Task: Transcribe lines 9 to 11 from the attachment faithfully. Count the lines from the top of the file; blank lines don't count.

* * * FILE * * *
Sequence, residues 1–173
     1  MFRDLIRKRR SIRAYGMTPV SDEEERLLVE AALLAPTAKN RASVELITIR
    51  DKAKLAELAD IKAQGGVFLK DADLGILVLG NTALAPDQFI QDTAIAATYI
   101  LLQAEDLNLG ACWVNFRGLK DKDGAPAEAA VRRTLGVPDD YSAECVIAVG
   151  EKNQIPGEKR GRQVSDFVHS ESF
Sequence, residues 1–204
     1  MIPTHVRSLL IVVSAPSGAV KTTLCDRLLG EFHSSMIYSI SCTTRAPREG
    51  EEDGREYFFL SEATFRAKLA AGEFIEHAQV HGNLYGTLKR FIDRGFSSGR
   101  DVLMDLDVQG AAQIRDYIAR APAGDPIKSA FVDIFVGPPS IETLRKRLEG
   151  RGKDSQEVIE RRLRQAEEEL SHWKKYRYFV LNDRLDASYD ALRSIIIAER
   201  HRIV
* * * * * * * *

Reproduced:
   101  DVLMDLDVQG AAQIRDYIAR APAGDPIKSA FVDIFVGPPS IETLRKRLEG
   151  RGKDSQEVIE RRLRQAEEEL SHWKKYRYFV LNDRLDASYD ALRSIIIAER
   201  HRIV